Dwayne Chaney: Convicted murderer gets life in prison after twice running from police

A Milwaukee man who ran from police twice after committing a murder was sentenced Friday to life in prison.

Dwayne  Chaney was given the maximum sentence on all charges He will spend the rest of his life in prison for the murder of Michael Prescott. 

There were nearly a dozen guards in court after the incident last Friday after Prescott's sister attacked Chaney in court.

The violence erupted when the family of the victim,  Michael Prescott, were giving victim impact statements ahead of the sentencing for Prescott's killer, Dwayne Chaney.

Friday, Prescott's mother had a chance to speak in court. She first took the time to apologize to the court, Dwayne Chaney's family and friends and Mr. Chaney himself for the actions of her daughter.

She says she does not condone violence. 

During her statement, Rosslind Prescott-McClinton says her son helped get her clean from drugs and alcohol 23 years ago and he was the family's comforter. 

"Dwayne has robbed that comfort from me," Prescott-McClinton said. "Dwayne plotted, planned and premeditated how to kill my son. He slashed the tires of his car so he couldn't take off. He laughed his way all through this process. He laughed in our faces. How much compassion did he show? It was a slap in our face for his family to help him escape. [Michael] wasn't supposed to die before me. But from the moment Dwayne killed Michael, I forgave him."

Prescott-McClinton went on to describe how she still suffers fear from her son's death. She says she can't sit in a car too long because she thinks about her son's final moments and what he must have been thinking when Chaney came into the car and shot him. She also left Chaney with her hopes for his future in prison. 

"I really want him to find the Lord," Prescott-McClinton said. "Find him like never before. I hope he becomes someone great."

After his attorney spoke to his low IQ and scarring upbringing, Chaney spoke to the court. He refuted his poor intelligence claims from his attorney, saying he's made a lot of progress thanks to his aunt.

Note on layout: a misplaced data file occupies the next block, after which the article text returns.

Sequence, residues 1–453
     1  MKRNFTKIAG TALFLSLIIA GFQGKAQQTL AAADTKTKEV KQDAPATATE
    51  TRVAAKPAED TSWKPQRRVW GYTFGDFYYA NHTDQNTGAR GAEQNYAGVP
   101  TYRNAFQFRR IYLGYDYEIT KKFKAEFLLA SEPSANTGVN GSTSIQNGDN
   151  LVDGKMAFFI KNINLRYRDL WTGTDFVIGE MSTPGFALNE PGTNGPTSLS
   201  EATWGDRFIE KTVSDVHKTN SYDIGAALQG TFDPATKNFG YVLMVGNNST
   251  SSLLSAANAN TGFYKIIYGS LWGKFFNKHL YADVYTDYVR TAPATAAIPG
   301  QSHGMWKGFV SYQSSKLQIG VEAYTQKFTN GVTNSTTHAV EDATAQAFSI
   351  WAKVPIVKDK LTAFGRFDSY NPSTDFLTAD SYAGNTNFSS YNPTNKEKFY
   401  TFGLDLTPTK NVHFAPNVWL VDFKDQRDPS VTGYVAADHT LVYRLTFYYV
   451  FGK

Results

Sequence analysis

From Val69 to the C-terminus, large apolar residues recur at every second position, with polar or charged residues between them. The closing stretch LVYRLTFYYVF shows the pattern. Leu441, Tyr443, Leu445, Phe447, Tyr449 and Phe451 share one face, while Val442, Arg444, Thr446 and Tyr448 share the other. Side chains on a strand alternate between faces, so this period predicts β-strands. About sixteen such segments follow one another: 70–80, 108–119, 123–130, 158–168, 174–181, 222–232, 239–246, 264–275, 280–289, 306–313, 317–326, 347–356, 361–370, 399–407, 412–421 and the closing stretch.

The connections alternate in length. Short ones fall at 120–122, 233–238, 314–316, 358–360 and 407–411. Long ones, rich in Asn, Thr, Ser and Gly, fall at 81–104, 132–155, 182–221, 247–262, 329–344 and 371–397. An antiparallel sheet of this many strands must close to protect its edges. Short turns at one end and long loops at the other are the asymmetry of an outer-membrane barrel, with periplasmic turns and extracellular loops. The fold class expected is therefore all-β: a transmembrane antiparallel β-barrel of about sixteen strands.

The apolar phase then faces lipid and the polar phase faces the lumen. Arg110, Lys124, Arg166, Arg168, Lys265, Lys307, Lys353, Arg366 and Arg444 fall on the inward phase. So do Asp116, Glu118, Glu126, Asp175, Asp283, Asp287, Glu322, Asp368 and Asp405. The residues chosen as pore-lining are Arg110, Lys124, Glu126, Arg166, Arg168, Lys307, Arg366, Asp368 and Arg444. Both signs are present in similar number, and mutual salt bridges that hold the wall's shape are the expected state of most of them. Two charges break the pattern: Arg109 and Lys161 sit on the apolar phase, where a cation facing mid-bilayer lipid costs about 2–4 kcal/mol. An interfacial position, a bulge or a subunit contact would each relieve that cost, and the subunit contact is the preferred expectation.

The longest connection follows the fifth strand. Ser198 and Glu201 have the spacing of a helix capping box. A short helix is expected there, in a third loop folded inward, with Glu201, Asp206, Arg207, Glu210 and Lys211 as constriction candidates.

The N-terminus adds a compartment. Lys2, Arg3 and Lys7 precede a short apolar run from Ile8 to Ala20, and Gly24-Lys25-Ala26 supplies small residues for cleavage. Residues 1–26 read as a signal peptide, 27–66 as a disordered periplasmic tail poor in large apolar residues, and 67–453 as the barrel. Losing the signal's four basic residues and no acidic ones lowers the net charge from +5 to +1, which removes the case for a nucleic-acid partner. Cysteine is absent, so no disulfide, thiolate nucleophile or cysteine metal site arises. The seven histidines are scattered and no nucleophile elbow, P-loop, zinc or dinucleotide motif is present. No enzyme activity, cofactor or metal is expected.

He also says he fled because of the quality of his attorney.

"I feel I should have went through the trial with my head held high," Chaney said. "With courage to face my accuser. When instead, out of fear of not being represented well and unfairly, I ran like a coward."

"After a significant, what I will call, manhunt, you did it intentionally," Hon. Carolina Stark said. "You did it to avoid responsibility."

However, the man convicted for murder by a jury of his peers still maintains his innocence. 

"You guys say I'm not remorseful but I'm innocent," Chaney said. "I want to say sorry for your loss. I, Dwayne Chaney, send my condolences and pray that you guys find the perpetrator and your lives can move forward effectively."

"I know that he is again, just denying everything he's done but how did I feel about it? I guess I just felt like he wasn't taking responsibility for his actions," Prescott-McClinton said.

However, the judge handed down the maximum sentence on all three charges he faced, including a life sentence with no parole for the murder of Michael Prescott.

"Overall, I have to assess your character as poor," Hon. Stark said. "There is no doubt that all these circumstances, aggravated character of offenses, your poor character, all require the court to conclude that there is a very high need to protect the community from you. A very high need."

Chaney was given 10 years for possession of a firearm and six years for bail jumping. He has 20 days to file an appeal if he wishes to do so. 

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